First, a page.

More, or Less? You Choose

Yes, you do.  Because just when you think that London, after all it’s had so far, can’t get greedier yet, along comes Crossrail 2.

The ‘National’ Infrastructure Commission last week recommended that the scheme – a north-south rail link across the capital – should be funded at once, “as a priority”, so it can open in 2033.  Its Chairman, Lord Adonis, said that London needs Crossrail 2 “as quickly as possible” to relieve congestion on Tubes and trains.  “Crossrail 2 will help keep London moving… we should get on with it right away”.  The smart money is on funding being announced as soon as Wednesday’s budget.
Now, it’s arguable that Crossrail 2 is an excellent scheme that will indeed deliver the benefits promised.  But so too are many others.  Wessex cities don’t have congestion on their underground metro systems because we’re still waiting for them to be built.  Many of our market towns could do with their trains back: many have mushroomed in size since the trains were lost through dodgy accounting under the Beeching axe.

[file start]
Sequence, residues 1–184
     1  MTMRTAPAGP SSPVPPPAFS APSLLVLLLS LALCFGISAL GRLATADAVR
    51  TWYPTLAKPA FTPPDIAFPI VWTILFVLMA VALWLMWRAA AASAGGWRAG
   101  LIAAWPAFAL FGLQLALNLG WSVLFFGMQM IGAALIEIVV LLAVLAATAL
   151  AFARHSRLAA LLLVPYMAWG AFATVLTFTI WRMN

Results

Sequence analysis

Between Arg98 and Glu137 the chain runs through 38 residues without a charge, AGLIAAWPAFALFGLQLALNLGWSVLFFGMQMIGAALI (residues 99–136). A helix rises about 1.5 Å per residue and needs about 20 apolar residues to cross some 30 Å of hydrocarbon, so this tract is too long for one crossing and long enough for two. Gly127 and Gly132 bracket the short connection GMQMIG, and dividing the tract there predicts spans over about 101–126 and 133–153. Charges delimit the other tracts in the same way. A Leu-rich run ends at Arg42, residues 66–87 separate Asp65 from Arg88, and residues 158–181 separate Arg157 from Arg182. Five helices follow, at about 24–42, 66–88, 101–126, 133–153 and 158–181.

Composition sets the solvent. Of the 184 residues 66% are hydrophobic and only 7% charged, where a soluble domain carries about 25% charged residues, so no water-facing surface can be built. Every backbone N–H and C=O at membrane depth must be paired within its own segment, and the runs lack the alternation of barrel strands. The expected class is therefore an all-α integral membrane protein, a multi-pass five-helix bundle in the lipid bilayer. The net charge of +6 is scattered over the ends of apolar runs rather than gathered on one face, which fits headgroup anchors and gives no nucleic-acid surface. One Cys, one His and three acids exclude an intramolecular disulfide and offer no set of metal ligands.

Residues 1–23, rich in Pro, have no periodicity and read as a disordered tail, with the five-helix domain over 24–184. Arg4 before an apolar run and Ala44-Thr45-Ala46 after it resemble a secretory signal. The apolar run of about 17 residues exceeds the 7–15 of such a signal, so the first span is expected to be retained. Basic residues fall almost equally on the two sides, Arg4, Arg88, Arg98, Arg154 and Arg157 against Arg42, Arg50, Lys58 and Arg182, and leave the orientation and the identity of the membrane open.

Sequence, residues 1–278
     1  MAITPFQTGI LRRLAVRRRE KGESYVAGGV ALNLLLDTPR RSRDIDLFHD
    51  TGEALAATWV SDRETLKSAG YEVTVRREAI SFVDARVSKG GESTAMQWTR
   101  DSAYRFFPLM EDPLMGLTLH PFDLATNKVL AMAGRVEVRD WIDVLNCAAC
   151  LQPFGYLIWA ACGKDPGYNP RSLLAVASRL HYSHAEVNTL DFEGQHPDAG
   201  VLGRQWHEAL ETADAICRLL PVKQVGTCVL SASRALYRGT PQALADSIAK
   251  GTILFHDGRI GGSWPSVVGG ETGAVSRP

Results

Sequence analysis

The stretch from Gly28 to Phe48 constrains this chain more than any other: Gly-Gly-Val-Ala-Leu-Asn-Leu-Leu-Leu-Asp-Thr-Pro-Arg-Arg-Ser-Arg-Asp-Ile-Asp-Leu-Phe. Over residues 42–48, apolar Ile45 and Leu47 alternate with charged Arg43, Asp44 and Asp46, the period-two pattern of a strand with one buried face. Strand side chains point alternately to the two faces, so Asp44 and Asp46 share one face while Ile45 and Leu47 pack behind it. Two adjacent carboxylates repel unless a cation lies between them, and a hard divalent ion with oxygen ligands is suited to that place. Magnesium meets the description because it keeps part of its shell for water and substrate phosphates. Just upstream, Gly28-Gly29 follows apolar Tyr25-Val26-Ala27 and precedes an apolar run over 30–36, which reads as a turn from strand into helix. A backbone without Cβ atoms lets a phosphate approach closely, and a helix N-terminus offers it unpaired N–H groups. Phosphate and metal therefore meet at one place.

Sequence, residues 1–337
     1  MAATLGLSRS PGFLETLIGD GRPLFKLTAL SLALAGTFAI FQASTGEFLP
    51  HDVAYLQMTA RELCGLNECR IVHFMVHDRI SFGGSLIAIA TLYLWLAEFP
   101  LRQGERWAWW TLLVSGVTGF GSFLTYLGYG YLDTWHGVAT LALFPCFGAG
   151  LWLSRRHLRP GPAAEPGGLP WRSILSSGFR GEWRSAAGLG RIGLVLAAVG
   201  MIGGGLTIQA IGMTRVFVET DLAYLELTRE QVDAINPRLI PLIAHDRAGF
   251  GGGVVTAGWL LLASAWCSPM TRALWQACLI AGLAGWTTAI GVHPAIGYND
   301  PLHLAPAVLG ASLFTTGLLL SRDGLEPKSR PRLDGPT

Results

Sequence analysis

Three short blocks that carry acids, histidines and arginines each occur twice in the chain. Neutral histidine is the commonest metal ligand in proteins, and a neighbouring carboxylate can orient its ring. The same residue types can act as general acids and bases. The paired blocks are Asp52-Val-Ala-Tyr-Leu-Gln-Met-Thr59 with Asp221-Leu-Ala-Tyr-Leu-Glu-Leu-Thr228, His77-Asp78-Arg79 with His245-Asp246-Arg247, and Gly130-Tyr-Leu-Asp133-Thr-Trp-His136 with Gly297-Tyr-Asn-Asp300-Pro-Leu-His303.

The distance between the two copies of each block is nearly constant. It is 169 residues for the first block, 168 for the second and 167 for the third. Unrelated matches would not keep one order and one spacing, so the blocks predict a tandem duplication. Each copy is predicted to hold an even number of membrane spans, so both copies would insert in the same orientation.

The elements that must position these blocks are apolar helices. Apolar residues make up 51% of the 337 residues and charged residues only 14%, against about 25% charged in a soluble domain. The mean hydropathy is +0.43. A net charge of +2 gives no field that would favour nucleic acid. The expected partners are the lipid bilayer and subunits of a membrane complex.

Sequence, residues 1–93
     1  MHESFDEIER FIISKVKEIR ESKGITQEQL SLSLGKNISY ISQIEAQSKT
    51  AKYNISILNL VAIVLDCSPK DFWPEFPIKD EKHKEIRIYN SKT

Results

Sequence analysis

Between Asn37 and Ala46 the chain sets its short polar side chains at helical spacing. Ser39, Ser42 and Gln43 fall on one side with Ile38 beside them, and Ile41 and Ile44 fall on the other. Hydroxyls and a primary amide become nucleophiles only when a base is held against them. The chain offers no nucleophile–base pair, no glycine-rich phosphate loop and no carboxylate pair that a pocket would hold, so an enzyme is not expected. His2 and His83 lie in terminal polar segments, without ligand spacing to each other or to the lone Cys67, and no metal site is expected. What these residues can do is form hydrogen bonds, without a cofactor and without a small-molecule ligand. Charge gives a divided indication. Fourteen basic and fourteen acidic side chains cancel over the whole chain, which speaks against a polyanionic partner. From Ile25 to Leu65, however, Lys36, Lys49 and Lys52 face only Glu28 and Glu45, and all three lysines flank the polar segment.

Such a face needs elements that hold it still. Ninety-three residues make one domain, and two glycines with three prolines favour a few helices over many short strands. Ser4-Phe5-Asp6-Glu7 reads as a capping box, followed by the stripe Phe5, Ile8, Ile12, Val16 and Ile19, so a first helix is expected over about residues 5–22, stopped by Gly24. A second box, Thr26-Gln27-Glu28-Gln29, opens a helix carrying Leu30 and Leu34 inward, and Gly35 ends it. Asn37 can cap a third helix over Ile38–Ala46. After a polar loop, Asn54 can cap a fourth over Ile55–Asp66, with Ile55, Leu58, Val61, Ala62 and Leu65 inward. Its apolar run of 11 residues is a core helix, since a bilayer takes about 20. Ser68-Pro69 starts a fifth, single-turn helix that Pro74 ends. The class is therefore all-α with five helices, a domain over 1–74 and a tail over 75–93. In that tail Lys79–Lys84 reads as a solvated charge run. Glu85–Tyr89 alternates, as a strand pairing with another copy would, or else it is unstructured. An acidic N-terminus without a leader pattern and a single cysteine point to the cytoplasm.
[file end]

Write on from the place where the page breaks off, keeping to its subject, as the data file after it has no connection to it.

The initial east-west Crossrail cost £14.8 billion.  Crossrail 2 will cost between £27 billion and £32 billion, at 2014 prices.  Adonis’ Commission recommends that London should contribute more than half the money.  Why not all of it, since it’s of no benefit whatsoever to us?  What about getting us moving too?  Why not a moratorium on anynew national funding for infrastructure in London until the rest of the ‘United’ Kingdom has caught up?  For how long?  About 100 years should do it.
Why does this happen?  London’s MPs don’t form a Commons majority.  In fact, 89% of MPs represent constituencies outside London.  Even adding in London’s commuter belt doesn’t take us anywhere near a majority.  So why do our MPs so submissively vote for our taxes to be poured into this bottomless pit?  Why do they soak up the lies from ‘experts’ that this is a good investment from which we all benefit in the end, even as we look around us at our shrivelling community landscape?  It’s time our politics – so good at pretending to represent social class divisions – grew a geographical dimension to match.  The SNP have shown how it’s done.  The revolt needs to come south.

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